With the Berlin conference of 1884-1885, the Europeans finally decided to take complete possession of African territories.  The dialectics of underdevelopment continued in this epoch (Samir 1972; Rodney 1973). European countries then took complete control of African countries. Africa was divided and shared in conferences were no single African presided upon. No king, no chief, no trader of African extraction, was consulted before the continent was partitioned. Very similar – and in some cases, identical peoples – are shared into two different countries. Yoruba were divided between Nigeria, Benin Republic and Togo, and the Ga of Accra region of Ghana claim Ife origin; the Kanuri were shared between Nigeria, Chad, Niger and Cameroun; the Hausa are also shared within many countries in Africa. Not that the Europeans didn’t know the historical connections amongst these peoples, but they want to use a divide and rule tactic to destabilize the people.
          Prices of commodities were sold and bought from the Africans at very low rates. A pound of Bournvita could buy a ton of cocoa. Exploitation of Africans reaches up to the high heavens. There was unequal exchange in all commodities sold by the Africans. In some cases Africans were forced not to plant their subsistence crops, but to concentrate on European goods to the detriment of Africans. Kwashiorkor increased, so also were numerous diseases. The Fulani who had the best set of dentition on earth were greatly affected. (Rodney 1973). Hunger, malnutrition, lack of technology and unequal exchange characterised the African continent. The underdevelopment which started in the era of the slave trade, was greatly amplified during the period of colonization

Africa during neo-colonialism
Karl Marx sees capitalism as the “highest stage of imperialism”, while Kwame Nkrumah sees neo-colonialism as “the worst form of imperialism” .  To Nkrumah it is “government without responsibility and exploitation without redress”. Under colonialism, the colonial power will at least, see that the colonized is well taken care of. They will provide roads and railways from the point of production to the terminals of exportation. Little strands of development must be put in place to achieve this. Clerks will be trained and clerical officers will be put in place. The health care of these officers will well taken care of.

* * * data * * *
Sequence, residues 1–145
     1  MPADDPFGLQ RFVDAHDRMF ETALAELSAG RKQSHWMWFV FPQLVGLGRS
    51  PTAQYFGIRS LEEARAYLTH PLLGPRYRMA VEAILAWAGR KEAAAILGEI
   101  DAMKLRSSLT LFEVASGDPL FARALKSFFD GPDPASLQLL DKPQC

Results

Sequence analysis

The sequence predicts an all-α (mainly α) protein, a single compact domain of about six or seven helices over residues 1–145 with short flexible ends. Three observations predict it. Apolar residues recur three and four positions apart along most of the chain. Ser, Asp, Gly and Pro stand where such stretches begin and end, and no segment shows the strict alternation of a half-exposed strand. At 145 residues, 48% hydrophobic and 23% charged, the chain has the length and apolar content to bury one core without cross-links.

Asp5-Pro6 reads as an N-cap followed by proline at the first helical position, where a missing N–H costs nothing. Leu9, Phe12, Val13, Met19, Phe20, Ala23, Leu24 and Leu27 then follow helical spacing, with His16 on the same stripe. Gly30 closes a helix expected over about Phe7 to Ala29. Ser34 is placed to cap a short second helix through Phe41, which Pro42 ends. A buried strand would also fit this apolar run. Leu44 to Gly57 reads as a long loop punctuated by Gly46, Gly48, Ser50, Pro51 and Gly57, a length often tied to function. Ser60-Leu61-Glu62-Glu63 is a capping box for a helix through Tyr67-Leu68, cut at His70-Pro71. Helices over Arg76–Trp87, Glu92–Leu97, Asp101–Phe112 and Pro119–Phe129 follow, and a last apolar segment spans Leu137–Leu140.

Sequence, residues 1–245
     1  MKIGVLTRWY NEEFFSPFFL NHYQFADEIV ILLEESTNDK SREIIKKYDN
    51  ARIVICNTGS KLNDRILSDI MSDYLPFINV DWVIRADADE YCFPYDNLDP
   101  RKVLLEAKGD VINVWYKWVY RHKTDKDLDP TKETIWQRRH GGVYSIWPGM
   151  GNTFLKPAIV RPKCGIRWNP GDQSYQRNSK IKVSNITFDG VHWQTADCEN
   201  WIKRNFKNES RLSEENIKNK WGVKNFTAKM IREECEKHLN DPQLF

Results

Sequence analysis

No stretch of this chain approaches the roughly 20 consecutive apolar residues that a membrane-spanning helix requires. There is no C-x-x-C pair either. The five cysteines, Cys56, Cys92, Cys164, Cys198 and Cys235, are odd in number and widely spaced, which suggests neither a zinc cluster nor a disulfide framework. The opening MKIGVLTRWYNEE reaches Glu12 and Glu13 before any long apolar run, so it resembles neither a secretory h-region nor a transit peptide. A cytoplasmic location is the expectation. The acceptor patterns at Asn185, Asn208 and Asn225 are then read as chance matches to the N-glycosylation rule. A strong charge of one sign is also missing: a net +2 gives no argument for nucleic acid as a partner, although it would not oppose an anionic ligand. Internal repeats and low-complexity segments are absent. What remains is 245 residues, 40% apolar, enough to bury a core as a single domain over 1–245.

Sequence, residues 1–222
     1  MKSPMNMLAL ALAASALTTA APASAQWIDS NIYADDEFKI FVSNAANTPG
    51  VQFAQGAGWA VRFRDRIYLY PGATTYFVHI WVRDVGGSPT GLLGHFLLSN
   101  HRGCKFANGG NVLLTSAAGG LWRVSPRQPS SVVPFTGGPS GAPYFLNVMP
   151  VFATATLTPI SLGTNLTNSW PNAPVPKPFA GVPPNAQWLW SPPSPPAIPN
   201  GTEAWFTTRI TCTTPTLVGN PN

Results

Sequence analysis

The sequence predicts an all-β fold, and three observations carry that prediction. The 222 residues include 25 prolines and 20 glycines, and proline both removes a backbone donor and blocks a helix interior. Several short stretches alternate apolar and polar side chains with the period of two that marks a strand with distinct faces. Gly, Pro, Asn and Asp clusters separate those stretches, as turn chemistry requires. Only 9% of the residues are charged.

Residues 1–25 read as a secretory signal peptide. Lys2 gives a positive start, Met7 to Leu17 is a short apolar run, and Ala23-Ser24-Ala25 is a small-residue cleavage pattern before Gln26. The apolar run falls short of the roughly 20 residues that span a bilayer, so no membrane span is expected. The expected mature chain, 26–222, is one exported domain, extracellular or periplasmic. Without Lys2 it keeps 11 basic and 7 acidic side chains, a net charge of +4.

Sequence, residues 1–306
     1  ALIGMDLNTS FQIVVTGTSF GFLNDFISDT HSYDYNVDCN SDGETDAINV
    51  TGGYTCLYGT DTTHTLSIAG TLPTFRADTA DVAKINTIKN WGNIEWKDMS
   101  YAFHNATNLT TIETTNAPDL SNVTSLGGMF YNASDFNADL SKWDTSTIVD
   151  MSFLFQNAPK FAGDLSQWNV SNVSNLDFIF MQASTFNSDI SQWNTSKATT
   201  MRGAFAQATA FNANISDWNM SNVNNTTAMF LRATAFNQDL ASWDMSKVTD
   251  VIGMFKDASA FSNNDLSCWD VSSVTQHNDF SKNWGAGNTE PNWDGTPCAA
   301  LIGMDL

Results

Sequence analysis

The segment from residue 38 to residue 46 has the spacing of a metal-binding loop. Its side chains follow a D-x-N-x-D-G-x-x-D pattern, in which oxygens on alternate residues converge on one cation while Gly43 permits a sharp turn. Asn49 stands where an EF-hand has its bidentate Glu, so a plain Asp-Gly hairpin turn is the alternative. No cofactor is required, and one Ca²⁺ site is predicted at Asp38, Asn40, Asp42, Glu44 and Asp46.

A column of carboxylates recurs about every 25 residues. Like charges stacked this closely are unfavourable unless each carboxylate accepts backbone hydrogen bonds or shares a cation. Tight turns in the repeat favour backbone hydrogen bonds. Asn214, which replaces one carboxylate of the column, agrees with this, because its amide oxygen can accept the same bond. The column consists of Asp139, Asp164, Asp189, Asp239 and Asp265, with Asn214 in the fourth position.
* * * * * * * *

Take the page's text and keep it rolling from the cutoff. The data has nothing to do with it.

But under neocolonialism, the metropoles – the core capitalist countries – give the periphery (Nigeria, Ghana, Mali etc) a semblance of independence. In the true sense, there is no independence. They core capitalist countries withdraw from the scene and put proxies they can control from a distance. In cases where a particular leader will not bow to the metropoles, different techniques are used to pull down such ‘head-strong’ leaders. Noriega was personally removed by American powers in 1989; Saddam Hussein was removed and executed by Americans; Muammar Kaddafi was removed not by Americans, but by American propaganda machine.  The death of Murtala Muhammad is said to be connected to the anglings of American C.I.A. The coup   of Babangida is said to have a strong American support.  Even the current Arab Spring and uprisings in the Middle-East smells of American brain washing and imperialism.